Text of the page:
General rule. A safe harbor plan must be adopted before the beginning of a plan year and it must be maintained throughout the complete 12-month plan year. For example, a plan sponsor that wishes to use a design-based safe harbor for the 2016 plan year generally must adopt the safe harbor plan prior to the beginning of the 2016 plan year, and then maintain the plan as a safe harbor plan throughout the 12-month period that makes up the 2016 plan year. Unless an exception applies, the plan sponsor cannot decide to abandon the applicable QMAC or QNEC safe harbor alternative and use instead ADP or ACP testing prior to the end of the plan year for which the safe harbor design was adopted. Exceptions to the general rule, including the requirements and notice requirements necessary to meet an exception, are found in the regulations accompanying Code Sections 401(k) and 401(m).
New rules. The Final Regulations permit a plan sponsor to adopt a mid-year amendment to its safe harbor plan to either reduce or suspend safe harbor nonelective contributions if (1) the plan sponsor can show that it is operating at an economic loss, as described in the minimum funding waiver rules in Code Section 412(c); or (2) regardless of the sponsor’s financial condition, the sponsor provides notice to participants and beneficiaries in the safe harbor plan, before the start of the applicable plan year, which discloses the possibility that such contributions might be subject to a mid-year reduction or suspension, and informs such individuals that (A) they will be provided a supplemental notice if a reduction or suspension does occur and (B) such a reduction or suspension will not occur apply until at least 30 days after the supplemental notice is provided to them. This rule applies to mid-year amendments to reduce or suspend safe harbor nonelective contributions that are adopted on and after May 18, 2009. Additionally, the Final Regulations modified the rules relating to safe harbor matching contributions and, effective for plan years beginning on or after January 1, 2015, permit a plan sponsor of a design-based safe harbor plan to adopt a mid-year amendment reducing or suspending such safe harbor matching contributions as long as the same economic loss or participant notification standards described above in relation to nonelective contributions are met.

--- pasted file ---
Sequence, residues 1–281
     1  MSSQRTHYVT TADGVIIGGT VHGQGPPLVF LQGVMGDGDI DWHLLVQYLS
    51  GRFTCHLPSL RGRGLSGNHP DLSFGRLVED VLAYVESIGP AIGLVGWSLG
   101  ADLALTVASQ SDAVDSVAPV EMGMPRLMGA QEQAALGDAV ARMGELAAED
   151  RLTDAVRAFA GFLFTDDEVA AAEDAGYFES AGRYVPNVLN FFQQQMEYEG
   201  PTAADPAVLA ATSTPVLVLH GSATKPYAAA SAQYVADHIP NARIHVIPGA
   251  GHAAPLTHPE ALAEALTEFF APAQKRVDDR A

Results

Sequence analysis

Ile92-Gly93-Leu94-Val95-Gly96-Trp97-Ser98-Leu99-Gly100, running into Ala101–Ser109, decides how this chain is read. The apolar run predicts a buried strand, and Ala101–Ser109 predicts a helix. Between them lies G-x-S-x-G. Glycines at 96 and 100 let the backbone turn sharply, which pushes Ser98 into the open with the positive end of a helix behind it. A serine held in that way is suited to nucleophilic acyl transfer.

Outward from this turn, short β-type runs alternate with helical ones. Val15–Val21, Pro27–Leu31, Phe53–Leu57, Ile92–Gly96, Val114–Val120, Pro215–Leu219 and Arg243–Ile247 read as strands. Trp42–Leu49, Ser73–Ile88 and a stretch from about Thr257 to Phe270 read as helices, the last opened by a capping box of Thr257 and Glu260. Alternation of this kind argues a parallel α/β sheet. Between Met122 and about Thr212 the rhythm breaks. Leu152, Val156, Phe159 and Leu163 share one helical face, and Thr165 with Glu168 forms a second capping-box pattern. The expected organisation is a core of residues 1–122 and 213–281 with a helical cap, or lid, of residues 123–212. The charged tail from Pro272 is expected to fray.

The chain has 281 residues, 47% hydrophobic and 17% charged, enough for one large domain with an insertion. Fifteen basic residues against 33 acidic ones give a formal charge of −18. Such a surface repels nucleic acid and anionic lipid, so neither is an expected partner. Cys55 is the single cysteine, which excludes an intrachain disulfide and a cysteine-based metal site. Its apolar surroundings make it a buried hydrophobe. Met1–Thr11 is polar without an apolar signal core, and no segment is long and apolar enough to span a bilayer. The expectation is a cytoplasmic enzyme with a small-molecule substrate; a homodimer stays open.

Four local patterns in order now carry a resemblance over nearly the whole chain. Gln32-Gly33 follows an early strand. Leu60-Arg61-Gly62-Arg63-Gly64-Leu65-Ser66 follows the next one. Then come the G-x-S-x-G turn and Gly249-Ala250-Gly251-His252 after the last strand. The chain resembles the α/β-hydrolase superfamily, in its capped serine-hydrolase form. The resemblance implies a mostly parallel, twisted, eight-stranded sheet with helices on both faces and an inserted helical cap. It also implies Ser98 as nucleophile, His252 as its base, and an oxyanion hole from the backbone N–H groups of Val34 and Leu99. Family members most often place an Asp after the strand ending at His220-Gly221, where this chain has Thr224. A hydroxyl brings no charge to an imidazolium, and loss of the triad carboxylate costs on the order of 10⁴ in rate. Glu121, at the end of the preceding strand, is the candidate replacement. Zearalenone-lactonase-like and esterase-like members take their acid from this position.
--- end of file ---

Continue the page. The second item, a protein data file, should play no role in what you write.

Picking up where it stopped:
What Is The Take Away?
The Final Regulations allow plan sponsors a measure of breathing room, permitting a mid-year reduction or suspension of otherwise required safe harbor contributions if a plan sponsor is experiencing economic loss or, regardless of its financial situation, the sponsor complies with the preliminary and supplemental notification requirements outlined above. Plan sponsors should take note that, as described above, effective dates for the Final Regulations relating to safe harbor nonelective contributions differ from the effective dates relating to safe harbor matching contributions. Our employee benefits attorneys welcome the opportunity to address any issues or questions you may have in processing or implementing the Final Regulations.
Nothing in life
is perfect. But when it comes to investment accounts, Roth
individual retirement accounts and Roth 401(k) plans are as close as it
gets. Roth 401(k) plans offer a combination of benefits and options that is
unavailable with any other investment account type. There are at least seven
reasons why you need a beg your employer to offer one, if it doesn't have one
1. Tax-Free Withdrawals in Retirement
With a regular 401(k) plan, all the good news on income taxes happens on the front end. You get to deduct the amount of your contribution from your taxable income for each year that you put money into the account. That lowers your income tax liability each year that you make a contribution.
That arrangement works especially well if you're currently in a high tax bracket. The theory on tax deferral is that you take the tax break now -- when you're in a high tax bracket -- then withdraw the money in retirement, when presumably you'll be a lower bracket. Save big now, pay small later -- fair enough.
But where a regular 401(k) is concerned, you're merely deferring your tax liability, not eliminating it. Since your contributions to the plan were tax-deductible when made, and since all investment earnings accumulated in the account since inception have been tax-deferred, any and all withdrawals taken during retirement will be subject to income tax.
A Roth 401(k) is a remedy to this dilemma.
A Roth 401(k) is
a remedy to this dilemma. Unlike a regular 401(k) plan, your contributions to
the plan are not tax-deductible when made. But just like a regular 401(k) plan,
any investment earnings that accumulate within the plan are tax-deferred. Based
on these two facts alone, it appears that a traditional 401(k) plan is superior
to a Roth 401(k).
But here's where a Roth 401(k) makes a radical departure from a regular 401(k): Money withdrawn from a Roth 401(k) plan is completely tax-free, not merely tax-deferred. The only requirements for this status is that you have to be at least 59½ when you begin taking distributions, and you have to have been a participant of the plan for a minimum of five years.
While the news on income taxes favors regular 401(k) plans prior to retirement, the advantage shifts entirely to a Roth 401(k) plan when you are retired. And that's the time that it will really count.
2. Income Tax Diversification
Tax deferral is probably the main reason why so many people take tax-sheltered retirement plans. It's a way to shield current income from high taxes and defer taxes on investment earnings within the plan.